MyFonts Free Font Friday

Have any designers derived any benefit from being featured on MyFonts Free Font Friday?

One of my families; Remora Sans, is pretty extensive with 5 Medium Italics which are free. When I produced the family I foolishly thought that giving some fonts away for free would be a good incentive for users to buy the uprights. However, on 1st of February MyFonts featured it on FFF, and I was suddenly inundated with downloads for the freebies; nearly 5.5 thousand so far. I thought this would propel Remora Sans straight to the top of the 50 best sellers, and users might actually start *buying* the fonts, but it doesn't even feature. I have had one buyer who bought one upright. It seems Best sellers are based on sales but not downloads.

I don't know if it's coincidence, but this is the worst month ever for sales of fonts at MF.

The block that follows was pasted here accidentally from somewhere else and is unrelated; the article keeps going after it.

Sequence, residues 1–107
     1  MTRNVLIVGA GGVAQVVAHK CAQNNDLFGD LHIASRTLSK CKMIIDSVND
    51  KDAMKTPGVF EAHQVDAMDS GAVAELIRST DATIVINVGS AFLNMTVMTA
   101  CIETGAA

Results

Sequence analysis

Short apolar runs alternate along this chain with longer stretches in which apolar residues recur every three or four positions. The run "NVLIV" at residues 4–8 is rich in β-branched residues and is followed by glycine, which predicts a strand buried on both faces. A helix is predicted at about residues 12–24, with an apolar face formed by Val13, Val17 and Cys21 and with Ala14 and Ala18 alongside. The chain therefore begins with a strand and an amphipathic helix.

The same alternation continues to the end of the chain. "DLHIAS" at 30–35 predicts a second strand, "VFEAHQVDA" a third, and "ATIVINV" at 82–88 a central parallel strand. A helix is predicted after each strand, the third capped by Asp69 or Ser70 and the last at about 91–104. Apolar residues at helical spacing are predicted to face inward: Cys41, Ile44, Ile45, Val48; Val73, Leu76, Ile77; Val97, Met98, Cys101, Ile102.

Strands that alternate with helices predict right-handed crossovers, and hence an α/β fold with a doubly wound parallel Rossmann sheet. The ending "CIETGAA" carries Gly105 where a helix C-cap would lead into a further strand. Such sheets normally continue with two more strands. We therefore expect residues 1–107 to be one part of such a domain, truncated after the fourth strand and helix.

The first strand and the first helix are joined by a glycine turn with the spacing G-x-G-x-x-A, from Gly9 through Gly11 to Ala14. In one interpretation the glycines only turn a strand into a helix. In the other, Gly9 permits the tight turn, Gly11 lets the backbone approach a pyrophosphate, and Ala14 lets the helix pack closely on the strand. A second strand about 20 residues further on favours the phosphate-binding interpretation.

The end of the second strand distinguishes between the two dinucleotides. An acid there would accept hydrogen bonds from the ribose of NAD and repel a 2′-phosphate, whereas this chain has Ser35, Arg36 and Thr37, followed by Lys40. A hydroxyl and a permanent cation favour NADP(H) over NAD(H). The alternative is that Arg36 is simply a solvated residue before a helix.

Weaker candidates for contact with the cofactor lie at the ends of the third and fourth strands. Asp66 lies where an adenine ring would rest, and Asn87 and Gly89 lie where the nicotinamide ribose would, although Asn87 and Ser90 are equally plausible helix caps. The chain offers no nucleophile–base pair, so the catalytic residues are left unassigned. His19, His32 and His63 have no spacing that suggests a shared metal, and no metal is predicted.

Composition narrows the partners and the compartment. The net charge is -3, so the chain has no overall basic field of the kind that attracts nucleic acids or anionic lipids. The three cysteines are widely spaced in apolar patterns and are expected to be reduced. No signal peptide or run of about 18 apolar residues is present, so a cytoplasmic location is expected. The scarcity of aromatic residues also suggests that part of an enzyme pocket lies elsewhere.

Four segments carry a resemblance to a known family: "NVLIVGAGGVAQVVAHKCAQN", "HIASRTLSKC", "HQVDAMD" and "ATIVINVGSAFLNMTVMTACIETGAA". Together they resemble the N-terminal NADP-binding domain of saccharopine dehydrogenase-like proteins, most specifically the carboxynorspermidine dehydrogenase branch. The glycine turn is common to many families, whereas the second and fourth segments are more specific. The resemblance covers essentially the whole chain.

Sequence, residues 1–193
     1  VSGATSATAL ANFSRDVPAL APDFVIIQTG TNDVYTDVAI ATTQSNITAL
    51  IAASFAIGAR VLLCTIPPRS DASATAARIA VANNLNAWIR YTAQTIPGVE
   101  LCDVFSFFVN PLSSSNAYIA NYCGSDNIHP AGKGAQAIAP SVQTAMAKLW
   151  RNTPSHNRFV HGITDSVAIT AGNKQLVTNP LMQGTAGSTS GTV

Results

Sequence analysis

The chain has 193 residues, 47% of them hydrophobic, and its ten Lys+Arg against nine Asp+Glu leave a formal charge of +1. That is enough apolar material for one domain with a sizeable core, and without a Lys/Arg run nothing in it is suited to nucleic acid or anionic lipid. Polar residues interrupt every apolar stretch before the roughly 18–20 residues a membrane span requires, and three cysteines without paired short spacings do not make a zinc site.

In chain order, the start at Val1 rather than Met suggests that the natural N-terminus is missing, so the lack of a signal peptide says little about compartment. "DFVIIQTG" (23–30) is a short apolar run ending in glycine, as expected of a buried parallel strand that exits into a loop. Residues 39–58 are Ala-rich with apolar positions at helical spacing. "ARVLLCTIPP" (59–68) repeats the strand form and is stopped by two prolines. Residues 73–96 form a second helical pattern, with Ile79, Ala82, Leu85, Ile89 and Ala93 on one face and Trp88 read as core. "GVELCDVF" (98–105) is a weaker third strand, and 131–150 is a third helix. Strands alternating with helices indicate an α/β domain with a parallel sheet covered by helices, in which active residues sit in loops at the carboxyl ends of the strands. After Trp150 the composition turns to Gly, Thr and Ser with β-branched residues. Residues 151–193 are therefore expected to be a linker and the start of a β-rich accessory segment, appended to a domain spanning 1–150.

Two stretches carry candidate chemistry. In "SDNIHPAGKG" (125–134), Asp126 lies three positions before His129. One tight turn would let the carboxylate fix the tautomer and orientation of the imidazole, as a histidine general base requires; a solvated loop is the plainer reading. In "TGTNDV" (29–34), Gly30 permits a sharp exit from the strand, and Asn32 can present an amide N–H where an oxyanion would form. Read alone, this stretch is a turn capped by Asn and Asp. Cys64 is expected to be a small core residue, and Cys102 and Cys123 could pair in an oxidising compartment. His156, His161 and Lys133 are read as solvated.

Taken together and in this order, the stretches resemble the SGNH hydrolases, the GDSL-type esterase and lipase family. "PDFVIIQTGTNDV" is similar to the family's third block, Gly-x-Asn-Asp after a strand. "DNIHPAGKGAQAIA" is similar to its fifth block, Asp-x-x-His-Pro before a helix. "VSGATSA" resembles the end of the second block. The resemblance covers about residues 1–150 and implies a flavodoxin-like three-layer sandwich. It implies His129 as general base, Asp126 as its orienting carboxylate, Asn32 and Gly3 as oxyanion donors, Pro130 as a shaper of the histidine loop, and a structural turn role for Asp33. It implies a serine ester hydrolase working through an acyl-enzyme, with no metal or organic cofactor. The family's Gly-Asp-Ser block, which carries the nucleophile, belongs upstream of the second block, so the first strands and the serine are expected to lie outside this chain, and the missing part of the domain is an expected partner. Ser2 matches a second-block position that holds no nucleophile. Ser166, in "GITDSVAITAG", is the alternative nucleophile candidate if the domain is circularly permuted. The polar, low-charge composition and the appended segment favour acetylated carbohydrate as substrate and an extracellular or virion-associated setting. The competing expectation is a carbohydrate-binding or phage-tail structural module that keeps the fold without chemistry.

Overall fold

I think FFF does more harm than good, as there are people who are just eager to get any free fonts every Friday and fewer users are willing to buy fonts as they have been devalued so much.

Needless to say I won't be giving any away in the future as I can't see any benefit from doing so. What do Monotype gain from pushing freebies and hugely discounted stuff? If type designers find it hard to make a living producing quality fonts which take a huge amount of time for little return I'm sure many will just give up and do something else. I know millennials think it's great to work for peanuts and get everything for free, but that doesn't help any economy long-term. I don't understand the business model of Monotype.

Comments

  • Thanks for sharing your experience. It sounds devastating from a point of sales perspective. I think there are more factors involved: your history in producing popular fonts, your establishment as a brand, etc.